Flooding in the Heartland: Victims struggle to recover one year later

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Channel 2 News

Recovery from the 2019 Spring flood is still nowhere near complete.

Families across Green country are still not back in their homes after waters rose up into homes from Sand Springs to Webbers Falls down to Beggs.

Skiatook native Casey Morrison lost his mother's home in the flood.

"it’s just kind of down to the studs in most areas. Some areas all the way to the ceiling and in some areas just up 4 ft. So, no cabinets, no anything." Morrison says.

The home is a family treasure and something he doesn't want to lose.

" It’s part of my childhood, I grew up around there, across the street was where one of my grandparents lived, and then directly across from them was my other grandparents so we all kind of lived in the same area," Morrison says.

Morrison is just one of hundreds who hasn't been able to fully recover since the flood.

He didn't have flood insurance and didn't meet the criteria for FEMA.

Morrison isn't the only one who didn't qualify for assistance, in fact, Oklahoma insurance Commissioner Glen Mulready says many Oklahomans didn't get enough relief.

"Unfortunately, folks think sometimes FEMA is gonna come in on a white horse and save them. They do provide help, they do provide support but it’s nothing like what would be provided if they had flood insurance policies." Commissioner Mulready says.

Morrison is now getting help from Catholic charities of Oklahoma.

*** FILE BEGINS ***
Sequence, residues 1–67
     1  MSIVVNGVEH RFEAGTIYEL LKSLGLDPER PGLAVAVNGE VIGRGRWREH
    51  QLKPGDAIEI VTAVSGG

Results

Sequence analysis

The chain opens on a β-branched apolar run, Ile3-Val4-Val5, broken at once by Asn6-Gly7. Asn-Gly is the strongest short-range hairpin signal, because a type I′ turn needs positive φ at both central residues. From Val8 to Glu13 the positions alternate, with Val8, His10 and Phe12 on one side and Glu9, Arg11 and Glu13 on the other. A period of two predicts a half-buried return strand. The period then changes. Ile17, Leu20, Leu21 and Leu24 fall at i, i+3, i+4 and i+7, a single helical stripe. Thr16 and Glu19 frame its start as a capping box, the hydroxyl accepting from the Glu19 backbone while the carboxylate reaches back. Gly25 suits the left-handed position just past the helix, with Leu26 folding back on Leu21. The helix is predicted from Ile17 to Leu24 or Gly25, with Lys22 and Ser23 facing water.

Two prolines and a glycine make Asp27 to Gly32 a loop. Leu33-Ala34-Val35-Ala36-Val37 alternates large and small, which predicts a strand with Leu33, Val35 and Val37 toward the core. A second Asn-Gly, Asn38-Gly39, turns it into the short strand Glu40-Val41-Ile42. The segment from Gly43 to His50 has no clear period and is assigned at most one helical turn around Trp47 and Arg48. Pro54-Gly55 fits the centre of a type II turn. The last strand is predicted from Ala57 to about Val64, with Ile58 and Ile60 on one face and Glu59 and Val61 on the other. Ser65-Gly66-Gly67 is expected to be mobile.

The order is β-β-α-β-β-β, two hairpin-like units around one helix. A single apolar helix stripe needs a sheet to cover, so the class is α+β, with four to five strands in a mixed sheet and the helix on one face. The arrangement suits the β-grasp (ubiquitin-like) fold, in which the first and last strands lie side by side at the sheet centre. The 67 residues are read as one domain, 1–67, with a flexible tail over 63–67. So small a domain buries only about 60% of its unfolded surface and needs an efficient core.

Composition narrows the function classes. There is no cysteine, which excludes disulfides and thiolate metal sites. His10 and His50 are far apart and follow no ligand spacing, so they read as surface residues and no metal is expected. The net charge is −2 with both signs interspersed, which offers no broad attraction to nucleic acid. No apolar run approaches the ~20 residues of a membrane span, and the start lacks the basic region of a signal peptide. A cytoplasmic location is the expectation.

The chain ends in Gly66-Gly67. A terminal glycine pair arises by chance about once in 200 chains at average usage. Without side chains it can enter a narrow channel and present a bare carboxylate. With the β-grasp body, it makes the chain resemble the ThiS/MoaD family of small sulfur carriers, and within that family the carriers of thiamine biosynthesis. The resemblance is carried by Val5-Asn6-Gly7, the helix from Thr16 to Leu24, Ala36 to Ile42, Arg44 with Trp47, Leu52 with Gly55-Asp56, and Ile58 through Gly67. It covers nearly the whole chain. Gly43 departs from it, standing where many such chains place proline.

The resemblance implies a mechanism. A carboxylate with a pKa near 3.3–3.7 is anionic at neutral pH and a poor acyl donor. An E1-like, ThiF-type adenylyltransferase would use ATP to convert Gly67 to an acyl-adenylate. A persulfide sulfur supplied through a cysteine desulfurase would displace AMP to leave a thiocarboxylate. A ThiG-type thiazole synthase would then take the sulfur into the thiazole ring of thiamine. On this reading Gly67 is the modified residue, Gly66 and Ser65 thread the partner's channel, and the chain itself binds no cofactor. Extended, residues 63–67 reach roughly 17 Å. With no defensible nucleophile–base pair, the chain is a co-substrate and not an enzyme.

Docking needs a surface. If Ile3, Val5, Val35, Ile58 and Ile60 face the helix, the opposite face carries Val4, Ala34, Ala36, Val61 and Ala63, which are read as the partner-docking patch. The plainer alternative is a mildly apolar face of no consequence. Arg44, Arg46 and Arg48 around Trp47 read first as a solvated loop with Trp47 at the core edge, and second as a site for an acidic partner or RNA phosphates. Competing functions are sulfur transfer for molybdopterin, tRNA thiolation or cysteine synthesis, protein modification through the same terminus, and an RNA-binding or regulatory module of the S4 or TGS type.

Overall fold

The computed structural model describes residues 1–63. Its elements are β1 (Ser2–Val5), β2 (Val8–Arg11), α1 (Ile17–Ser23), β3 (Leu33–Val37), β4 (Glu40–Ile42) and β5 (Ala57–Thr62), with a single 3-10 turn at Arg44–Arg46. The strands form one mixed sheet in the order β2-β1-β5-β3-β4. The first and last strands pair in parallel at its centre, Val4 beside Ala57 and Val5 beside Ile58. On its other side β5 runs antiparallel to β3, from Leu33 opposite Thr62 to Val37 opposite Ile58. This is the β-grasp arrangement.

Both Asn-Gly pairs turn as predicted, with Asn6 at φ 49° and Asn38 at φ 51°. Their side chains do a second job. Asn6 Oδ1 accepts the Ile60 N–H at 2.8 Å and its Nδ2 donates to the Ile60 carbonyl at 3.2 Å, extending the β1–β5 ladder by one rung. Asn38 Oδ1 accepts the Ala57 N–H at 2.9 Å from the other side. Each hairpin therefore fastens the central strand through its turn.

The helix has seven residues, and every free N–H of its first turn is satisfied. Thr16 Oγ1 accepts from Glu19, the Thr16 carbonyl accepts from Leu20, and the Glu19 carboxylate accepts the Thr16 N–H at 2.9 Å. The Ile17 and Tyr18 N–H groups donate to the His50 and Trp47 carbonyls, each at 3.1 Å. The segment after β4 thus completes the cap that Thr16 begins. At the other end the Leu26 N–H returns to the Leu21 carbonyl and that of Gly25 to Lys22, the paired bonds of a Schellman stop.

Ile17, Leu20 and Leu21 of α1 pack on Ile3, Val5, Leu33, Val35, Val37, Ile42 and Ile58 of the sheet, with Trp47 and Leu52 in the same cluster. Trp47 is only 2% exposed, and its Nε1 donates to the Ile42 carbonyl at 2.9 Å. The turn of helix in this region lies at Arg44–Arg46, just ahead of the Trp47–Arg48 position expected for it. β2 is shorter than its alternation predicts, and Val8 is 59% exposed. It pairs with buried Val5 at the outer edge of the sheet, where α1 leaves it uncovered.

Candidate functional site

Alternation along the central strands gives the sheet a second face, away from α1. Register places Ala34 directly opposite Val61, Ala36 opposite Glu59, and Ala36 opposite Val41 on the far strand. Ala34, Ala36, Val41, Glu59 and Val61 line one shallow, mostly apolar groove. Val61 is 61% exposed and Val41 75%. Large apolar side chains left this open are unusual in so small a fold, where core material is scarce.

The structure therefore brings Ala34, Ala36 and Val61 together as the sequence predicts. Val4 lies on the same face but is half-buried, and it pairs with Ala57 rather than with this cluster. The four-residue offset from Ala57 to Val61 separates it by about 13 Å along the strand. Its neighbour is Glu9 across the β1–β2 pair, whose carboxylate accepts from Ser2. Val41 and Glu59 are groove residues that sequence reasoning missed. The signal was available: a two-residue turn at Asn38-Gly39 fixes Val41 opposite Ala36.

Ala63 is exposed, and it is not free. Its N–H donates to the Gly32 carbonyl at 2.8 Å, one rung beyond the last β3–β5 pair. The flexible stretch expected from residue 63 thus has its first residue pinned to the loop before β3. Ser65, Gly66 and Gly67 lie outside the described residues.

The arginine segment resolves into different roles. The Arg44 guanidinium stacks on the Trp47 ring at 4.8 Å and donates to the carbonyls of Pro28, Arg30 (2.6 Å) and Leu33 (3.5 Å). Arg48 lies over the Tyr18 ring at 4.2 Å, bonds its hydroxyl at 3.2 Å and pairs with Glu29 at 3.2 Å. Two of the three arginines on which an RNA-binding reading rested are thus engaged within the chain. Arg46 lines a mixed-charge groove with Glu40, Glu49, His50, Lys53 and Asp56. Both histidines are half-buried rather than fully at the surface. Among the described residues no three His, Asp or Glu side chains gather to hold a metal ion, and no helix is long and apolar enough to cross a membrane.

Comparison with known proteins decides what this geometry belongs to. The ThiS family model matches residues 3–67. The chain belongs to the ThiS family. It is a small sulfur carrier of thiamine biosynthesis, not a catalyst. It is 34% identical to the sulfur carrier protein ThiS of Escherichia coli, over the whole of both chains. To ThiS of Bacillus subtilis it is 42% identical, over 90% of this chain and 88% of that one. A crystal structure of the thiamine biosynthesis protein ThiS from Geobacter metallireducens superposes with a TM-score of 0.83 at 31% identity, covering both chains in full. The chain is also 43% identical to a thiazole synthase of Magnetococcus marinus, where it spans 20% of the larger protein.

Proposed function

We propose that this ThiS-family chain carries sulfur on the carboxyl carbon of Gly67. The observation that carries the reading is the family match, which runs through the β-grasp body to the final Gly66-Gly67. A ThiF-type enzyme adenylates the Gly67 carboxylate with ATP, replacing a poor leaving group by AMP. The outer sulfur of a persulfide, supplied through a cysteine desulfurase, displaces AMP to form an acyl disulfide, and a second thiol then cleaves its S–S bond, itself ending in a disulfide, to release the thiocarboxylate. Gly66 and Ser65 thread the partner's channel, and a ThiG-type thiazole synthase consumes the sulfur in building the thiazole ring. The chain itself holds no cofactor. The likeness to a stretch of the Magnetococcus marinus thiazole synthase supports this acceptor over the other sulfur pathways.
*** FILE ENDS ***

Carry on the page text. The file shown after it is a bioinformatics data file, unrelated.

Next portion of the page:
"Surprisingly enough, there are many people that have not recovered yet." MaryLynn Lufkin says "It's kind of fallen off folks radar because it's not visible and apparent to them."

Catholic Charities has caseworkers who help families navigate the process of re-building.

"A lot of people in the recovery, they've gone through all of their savings. They’ve exhausted all of the resources that they know of and they're trying their best but they’re struggling." Lufkin says

The Casinger family in Webbers Falls was living in a camper outside their ruined mobile home back in December.

They were denied FEMA assistance and didn't have flood insurance.

“Even though it looks pretty grim right now, somewhere, somebody's gonna have a heart enough to help us and we can get back in our home," Iva Sue Casinger told us back in December.

The good news, someone did have the heart to help them.

Two donors contacted them several months ago and helped them purchase all of the materials they need to fix their home.

They hope to start re-building soon since restrictions have been lifted across the state amid the COVID-19 pandemic.

Morrison just feels lucky he has a roof over his head, unlike others. He tells us he's optimistic his family home will get rebuilt one day soon.

"we’ll save up a little money, do whatever the new project is and you know hopefully within 6 months we’re hopful it will be back to the way it was," Morrison says.

Catholic Charities is still helping anyone who has not recovered from the floods.

They can help you with your FEMA appeal or to connect to resources.

You can also call 211.

Flooding in the Heartland: Victims struggle to recover one year later (kjrh.com)